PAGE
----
44.  People should be allowed to embed the House's proceedings on their websites, so that our proceedings can have as wide a distribution as possible on the internet. We recommend that a trial start as soon as possible. We have invited the BBC and the House of Lords administration to bring forward proposals for how the House can maximise potential synergies with the BBC's forthcoming 'Democracy Live' website.

Parliament on other websites

45.  A number of people stressed to the Committee that Parliament could not expect people to come to the parliamentary website. "Rightly or wrongly, government or institutional websites are not viewed as an interesting place to visit, especially by younger audiences", explained Tim Hood, CEO of internet company Yoosk (p 34, see also QQ 75, 93 and pp 64, 143). Instead, the National Council of Voluntary Organisations (NCVO) suggested that, Parliament should develop a presence within existing online communities such as Mumsnet, so that Parliament goes to the places on the internet "where the people are as opposed to expecting people to be reading the parliamentary website" (Q 113). Mr Hood suggested that Parliament should create "a national register of online communities", including specific demographic or geographic communities (p 34). Mr Hood also suggested that Parliament go further and "establish an independent body to manage engagement between people and Parliament." The key benefit of such a body would be that it could set up "an independent place [on the internet] for engagement which is 'owned' as much by the public as by Parliament. It would invite fewer accusations of interaction being on Parliament's own terms or of Parliament indulging in online propaganda on its own website" (p 33).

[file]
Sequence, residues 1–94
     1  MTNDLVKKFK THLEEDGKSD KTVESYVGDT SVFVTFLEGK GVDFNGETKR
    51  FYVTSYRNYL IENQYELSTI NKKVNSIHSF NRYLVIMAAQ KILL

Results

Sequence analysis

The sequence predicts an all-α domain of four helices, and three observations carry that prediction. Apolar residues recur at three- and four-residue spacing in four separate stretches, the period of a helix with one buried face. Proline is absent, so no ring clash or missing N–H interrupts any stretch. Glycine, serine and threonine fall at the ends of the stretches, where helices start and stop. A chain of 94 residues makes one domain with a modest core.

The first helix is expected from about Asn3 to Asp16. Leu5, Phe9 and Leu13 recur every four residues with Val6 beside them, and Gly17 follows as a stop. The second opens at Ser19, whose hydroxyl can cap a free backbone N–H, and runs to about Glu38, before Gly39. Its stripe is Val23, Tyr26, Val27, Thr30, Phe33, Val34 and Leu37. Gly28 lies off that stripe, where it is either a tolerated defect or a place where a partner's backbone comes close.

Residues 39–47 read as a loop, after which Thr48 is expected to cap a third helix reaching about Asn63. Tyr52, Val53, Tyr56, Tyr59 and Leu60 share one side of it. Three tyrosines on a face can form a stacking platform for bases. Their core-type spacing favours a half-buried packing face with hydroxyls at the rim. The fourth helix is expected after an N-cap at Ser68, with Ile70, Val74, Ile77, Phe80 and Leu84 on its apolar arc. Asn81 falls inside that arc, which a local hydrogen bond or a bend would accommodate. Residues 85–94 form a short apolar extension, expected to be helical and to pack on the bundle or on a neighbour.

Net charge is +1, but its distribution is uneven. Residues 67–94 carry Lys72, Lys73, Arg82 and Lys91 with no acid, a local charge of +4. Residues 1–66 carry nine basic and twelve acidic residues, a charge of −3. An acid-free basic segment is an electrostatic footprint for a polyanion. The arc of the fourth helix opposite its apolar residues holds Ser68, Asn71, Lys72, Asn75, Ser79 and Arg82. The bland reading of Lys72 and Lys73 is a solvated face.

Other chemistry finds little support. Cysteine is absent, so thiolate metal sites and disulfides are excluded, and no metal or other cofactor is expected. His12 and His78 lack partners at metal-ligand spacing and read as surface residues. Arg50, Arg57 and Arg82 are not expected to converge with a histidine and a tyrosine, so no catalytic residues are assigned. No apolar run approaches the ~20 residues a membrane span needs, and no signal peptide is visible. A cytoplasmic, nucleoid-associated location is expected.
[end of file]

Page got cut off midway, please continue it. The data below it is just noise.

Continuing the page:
46.  There is a limit to the level of public engagement Parliament can generate on its own website, because some people may not be drawn to interact directly with the parliamentary website. To counteract that fact, we recommend that the administration work in partnership with already established websites catering for interest groups.

Increasing two-way online communication